Australian Study/RFI re: Combat ID
DID has quite a few readers in Australia’s defence department and related organizations. They’re looking for information, and DID’s readers may be able to help them out and share (cleared) knowledge with an ally – possibly helping their own companies in the process. Here’s the request:
“The Australian Department of Defence has recently initiated Phase 2 of Project LAND 146 – Combat Identification for Land Forces in response to an Australian Government priority to provide a combat identification (CID) capability for Australian Land forces… To gain a better understanding of the technology that will form the basis of this capability, the Defence Department is conducting a market technology survey in which technology suppliers and agents are asked to provide a range of technical, human systems integration, operational employment, logistics and cost information about Terminal Air Controller (TAC)-related products and technologies.”
They are looking for technologies that would serve to provide a general CID capability suitable for use in the following roles:
- Air-to-surface (to identify armoured and soft-skinned vehicles and dismounted troops to fixed and rotary-wing aircraft)
- Surface-to-surface (to identify all combinations of dismounted troops and vehicles, including coastal and amphibious small watercraft, to each other).
- Also within the scope of the current project phase is the provision of an improved capability for ground-based Terminal Air Controllers (TAC) to direct Close Air Support (CAS) missions.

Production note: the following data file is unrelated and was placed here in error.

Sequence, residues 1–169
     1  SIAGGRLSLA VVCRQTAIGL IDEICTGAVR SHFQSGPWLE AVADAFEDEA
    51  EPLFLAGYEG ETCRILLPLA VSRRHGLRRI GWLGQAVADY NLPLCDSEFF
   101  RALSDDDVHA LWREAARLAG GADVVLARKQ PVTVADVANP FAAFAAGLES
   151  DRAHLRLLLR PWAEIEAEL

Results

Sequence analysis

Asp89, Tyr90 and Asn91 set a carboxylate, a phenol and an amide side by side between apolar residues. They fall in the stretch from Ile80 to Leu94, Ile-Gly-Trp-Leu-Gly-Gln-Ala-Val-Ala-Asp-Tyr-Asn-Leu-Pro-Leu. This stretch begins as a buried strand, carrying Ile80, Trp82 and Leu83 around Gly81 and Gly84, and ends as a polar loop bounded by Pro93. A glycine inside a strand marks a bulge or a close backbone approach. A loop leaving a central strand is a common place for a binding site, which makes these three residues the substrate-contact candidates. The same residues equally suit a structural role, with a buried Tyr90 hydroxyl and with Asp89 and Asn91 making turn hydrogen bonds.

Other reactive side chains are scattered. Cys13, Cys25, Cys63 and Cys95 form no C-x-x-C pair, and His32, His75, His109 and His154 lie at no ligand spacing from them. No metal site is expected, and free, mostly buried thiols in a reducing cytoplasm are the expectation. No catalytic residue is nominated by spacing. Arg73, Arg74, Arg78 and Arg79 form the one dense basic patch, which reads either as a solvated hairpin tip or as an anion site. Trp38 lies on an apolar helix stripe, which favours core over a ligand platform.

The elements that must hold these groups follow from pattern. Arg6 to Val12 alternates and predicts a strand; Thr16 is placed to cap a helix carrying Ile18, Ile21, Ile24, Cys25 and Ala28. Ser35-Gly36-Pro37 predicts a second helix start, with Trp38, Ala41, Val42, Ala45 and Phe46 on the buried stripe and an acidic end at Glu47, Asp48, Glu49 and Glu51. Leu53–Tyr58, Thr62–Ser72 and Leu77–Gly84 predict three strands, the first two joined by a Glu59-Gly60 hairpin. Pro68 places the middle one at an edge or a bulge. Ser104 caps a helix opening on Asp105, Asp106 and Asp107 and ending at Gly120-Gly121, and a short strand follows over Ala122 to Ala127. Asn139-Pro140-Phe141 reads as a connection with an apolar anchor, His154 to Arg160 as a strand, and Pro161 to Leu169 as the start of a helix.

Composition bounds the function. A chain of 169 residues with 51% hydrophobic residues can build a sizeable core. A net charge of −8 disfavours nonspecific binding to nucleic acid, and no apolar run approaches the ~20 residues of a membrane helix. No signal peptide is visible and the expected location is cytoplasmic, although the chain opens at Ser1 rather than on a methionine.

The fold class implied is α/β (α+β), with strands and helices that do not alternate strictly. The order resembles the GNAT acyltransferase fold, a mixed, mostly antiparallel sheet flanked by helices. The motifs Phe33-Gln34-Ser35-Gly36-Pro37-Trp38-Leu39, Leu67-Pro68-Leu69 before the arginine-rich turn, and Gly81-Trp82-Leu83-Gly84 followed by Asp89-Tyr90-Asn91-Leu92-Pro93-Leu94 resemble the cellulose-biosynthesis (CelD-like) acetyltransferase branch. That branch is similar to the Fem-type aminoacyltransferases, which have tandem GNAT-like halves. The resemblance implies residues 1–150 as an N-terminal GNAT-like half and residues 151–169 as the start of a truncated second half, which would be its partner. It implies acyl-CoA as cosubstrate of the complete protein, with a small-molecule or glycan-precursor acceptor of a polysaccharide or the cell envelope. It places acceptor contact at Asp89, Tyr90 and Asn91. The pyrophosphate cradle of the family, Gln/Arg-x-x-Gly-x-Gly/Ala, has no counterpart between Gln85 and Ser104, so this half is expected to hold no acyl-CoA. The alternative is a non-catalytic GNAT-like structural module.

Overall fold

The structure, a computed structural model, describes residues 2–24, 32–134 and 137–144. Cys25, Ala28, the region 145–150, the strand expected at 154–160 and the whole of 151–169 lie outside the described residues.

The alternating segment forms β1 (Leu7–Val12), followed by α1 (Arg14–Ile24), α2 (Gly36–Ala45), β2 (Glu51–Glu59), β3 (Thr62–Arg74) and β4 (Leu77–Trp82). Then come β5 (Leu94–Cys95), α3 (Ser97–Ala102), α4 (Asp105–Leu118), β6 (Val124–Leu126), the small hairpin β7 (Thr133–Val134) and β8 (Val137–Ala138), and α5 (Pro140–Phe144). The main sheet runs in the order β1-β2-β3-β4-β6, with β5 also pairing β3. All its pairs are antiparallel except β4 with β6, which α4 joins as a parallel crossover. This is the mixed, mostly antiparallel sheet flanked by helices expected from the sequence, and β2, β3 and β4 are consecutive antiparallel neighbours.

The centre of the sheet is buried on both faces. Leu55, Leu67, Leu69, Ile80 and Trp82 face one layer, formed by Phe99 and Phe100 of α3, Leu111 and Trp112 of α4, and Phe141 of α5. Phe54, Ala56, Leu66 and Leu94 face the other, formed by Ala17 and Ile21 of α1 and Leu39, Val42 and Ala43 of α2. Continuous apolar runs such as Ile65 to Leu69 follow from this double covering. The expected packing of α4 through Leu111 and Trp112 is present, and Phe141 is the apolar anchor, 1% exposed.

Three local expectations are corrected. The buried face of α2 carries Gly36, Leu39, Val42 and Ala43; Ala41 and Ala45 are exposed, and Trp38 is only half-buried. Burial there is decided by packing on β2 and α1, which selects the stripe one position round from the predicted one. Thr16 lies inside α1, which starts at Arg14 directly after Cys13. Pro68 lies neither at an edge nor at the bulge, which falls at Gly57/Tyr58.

These developments come in the context of growing covergence between Australian and US TAC/FAC standards, and greater attention to the role generally within the Australian forces. StrategyPage notes that a standardisation team from the US Joint Air-Ground Operations Group (JAGOG) at Nellis Air Force Base, NV (formerly known as AGOS, for Air-Ground Operations School), is expected to go to Australia in March 2006 to observe and hopefully ratify the Australian national tactical air-controller courses and qualifications as US-recognised qualifications.
This will be the culmination of a training capability expansion initiated in 2001, when the number of Australian Defence Force (ADF) positions in this area was raised from 20-30 to more than 100.
Project L146 is defined in the Australian Defence Capability Plan (DCP) and run through Defence Capability Defence Group (CDG) and Defence Science and Technology Organisation (DSTO).
There are two separate market surveys under L146, which describe the project, the survey process and the information requested from suppliers and agents. One is the electronic Combat ID (CID) survey – and this Aerospace Concepts Pty Ltd. presentation may help to give you even more of an idea re: where they’re starting from and what they’re looking for and at in the Combat ID field [PDF format].
The other solicitation is the Terminal Air Controller (TAC) survey [PDF format].
The survey process is planned for completion by the end of April 2006, with responses preferred by the end of February 2006.
The surveys note that that “information provided will be treated in the strictest confidence, and a proforma non-disclosure agreement is provided with the attached brief for if required.” The survey management firm is:
PROJECT LAND 146-2 SURVEY
Aerospace Concepts Pty Ltd
17 Yallourn St
PO Box 371
Fyshwick ACT 2609
T: +61 2 6239 4288
F: +61 2 6280 6802
The Commonwealth point-of-contact for all public relations and policy matters (excepting protection of proprietary information) is:
SQNLDR Jim Godfrey
Staff Officer Air
Department of Defence Canberra ACT 2600
jim.godfrey, over at defence.gov.au